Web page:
View from the Gallery
Islamabad—Chaudhary Nisar faces an unenviable situation for any politician. Anybody with weaker nerves would have given up politics and long gone home.
But not our man from Chakri! He stood his ground even when the PPP opposition walked out of the National Assembly twice in a single day.
Nisar seems to have a permanent fixture with the PPP. The last time he had used the T-word (tamasha) for the opposition behaviour, the Senate went on a month-long boycott and held its proceedings in the parking lot. We saw Round Two of his spat with the PPP recently when he had provoked Senator Aitezaz Ahsan with some offensive remarks. This had happened in the middle of the dharna war when the government could not afford to lose the PPP support against the PTI. A person no less than the Prime Minister Nawaz Sharif had to apologize to Aitezaz to bring the PPP back to the joint parliamentary session.
Round Three seemed almost like a repeat sequel of the earlier episode. Nisar has developed a knack for landing into trouble the moment he says something on the floor. The opposition was fuming over the use of “excessive power” by Islamabad administration against the workers who were protesting against OGDC privatization on Wednesday. Senator Raza Rabbani had taken up the issue in the Senate a day earlier. PPP’s Khursheed Shah followed it up in the National Assembly by boycotting the proceedings after invoking the spirit of Carl Marx to rescue the hapless labourers. MQM’s Rasheed Godel chipped in to uphold the working class revolution. So far, so good. Enters Jamshed Dasti who was booked a day earlier for supporting the rabble-rousers. He sat on the Assembly floor when he was denied to speak. Amid all this high class drama, walked in Chaudhary Nisar—perhaps for the first time in the ongoing session.
Nisar was politically correct to offer an inquiry. He said that he did not know that the administration had used such harsh means but asked for some ground rules for managing such rallies. What ground rules? The suggestion seemed funny after the D-Chowk mayhem. The PTI-PAT workers violated every rule under the sun and yet the administration did not have the guts to resist them. In contrast, a bunch of OGDC workers subjected to intense tear-gas and baton-charge for a much lesser crime. Then Nisar walked out while Khursheed Shah had taken the floor to give his opinion. This was seen as an affront by the otherwise dovish Khursheed Shah who went on to blast the PML (N) government: “you are not only blind but deaf too; it’s this very attitude that keeps causing trouble for the PML(N) government.”
The leader of the opposition went on to walk out second time in a row. Nisar returned after a while and wondered “why should the opposition stage such tamasha.” This was sure to keep the PPP away for the rest of the day—if not the current session. Half of the opposition is already on the streets threatening to resign from the National Assembly. Nisar made sure that the other half walked out leaving him relish ‘sunjian gallian’ as it happens in Mirza-Sahiba episode. He had an unmatched political career as an eight-time continuous winner until he landed in the troublesome Interior Ministry. He was seen as the biggest stumbling block against the war against Taliban. In retrospect, his arguments about the consequences of the operation seem so inaccurate. He could be easily held responsible for a one-year delay in Zarb-i-Azb, which cost us thousands of innocent lives. One would really like to see how Nisar will defend his ministry’s performance in the much-hyped Cabinet overhaul exercise that is supposed to start today.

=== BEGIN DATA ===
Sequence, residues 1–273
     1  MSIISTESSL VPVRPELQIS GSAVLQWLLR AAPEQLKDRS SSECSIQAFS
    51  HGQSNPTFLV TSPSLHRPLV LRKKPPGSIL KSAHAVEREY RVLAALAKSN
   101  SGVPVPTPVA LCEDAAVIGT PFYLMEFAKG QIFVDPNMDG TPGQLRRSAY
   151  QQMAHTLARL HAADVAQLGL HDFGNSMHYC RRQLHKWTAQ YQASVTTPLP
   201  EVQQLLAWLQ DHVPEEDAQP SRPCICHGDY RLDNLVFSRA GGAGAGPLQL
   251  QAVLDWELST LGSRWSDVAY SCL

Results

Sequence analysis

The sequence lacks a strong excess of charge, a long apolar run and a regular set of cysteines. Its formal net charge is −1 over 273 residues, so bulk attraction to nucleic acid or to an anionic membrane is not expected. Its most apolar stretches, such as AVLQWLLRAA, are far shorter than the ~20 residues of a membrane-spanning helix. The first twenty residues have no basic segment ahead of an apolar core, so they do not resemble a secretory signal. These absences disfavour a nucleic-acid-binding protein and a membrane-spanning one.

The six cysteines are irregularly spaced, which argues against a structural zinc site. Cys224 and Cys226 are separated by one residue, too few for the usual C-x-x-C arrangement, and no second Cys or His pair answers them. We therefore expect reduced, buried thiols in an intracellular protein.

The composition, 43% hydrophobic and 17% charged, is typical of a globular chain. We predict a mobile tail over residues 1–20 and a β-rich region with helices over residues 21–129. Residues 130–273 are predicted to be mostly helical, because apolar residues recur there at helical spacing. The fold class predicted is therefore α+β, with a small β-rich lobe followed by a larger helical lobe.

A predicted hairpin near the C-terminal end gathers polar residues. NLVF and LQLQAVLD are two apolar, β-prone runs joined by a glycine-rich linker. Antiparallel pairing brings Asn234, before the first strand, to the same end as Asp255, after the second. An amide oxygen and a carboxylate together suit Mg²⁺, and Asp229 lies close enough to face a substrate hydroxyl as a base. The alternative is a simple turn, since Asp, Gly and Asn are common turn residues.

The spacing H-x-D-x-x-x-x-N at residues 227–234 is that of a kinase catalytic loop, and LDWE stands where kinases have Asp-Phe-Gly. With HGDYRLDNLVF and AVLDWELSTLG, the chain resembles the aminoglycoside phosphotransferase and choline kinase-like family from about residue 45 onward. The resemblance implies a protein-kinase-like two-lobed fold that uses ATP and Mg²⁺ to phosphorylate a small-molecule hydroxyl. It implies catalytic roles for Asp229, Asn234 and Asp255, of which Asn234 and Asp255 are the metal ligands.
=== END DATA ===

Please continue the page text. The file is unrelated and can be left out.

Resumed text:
In the larger context, the government’s privatization exercise seems as good as dead under the circumstances. The PML (N) wasted its honeymoon year when things were much smoother. It could have at least convinced the stake-holders about the soundness of its plan. It will be worth watching how the government will proceed on such ambitious agenda in such divisive times. The PTI is all set to roll stones against any PML (N) policy. And the PPP too is not likely to play ball on the privatization issue. Here is the damned-if-you-do and damned-if-you- don’t PML (N) dilemma. The PML can’t get out of its economic morass if it does not sort out mess in loss-making corporations. Yet the unstable political circumstances leave little room for executing such a grand exercise.
Tail piece: The PTI resignation issue is turning out to be such a farce. It could have easily turned up in the National Assembly to solemnize the resignations. Obviously, nobody wants to resign. Big Khan has already lost 20 per cent of his members in the National Assembly (seven out of 34 members). There is a big chance that the ratio might shoot up if Imran insisted on his decision. Friday is the last day before the current National Assembly session goes for a break. Chances are that the PTI will while it away to extract more time, hoping that this might prompt Imran to rethink about his decision. We keep our fingers crossed.
Tail piece 2: It was funny seeing Raza Hiraj talking about democratic practices and political morality. The gentleman turned into a Patriot turncoat (lota) on the first day that he entered the parliament in 2002. Since then he has changed three parties in as many elections. Yet he had the audacity to talk about political scruples.
Tail piece 3: Sheikh Rasheed must be the most relieved person if Imran Khan changes his mind on resignations. He said he would have no choice but to resign if the PTI goes ahead with the decision. There would be by-elections in four national and eight provincial constituencies in Rawalpindi-Islamabad area. It will be a tough call for the Sheikh from Lal Haveli to stay isolated in such trying circumstances. Wrong qurbani—isn’t it?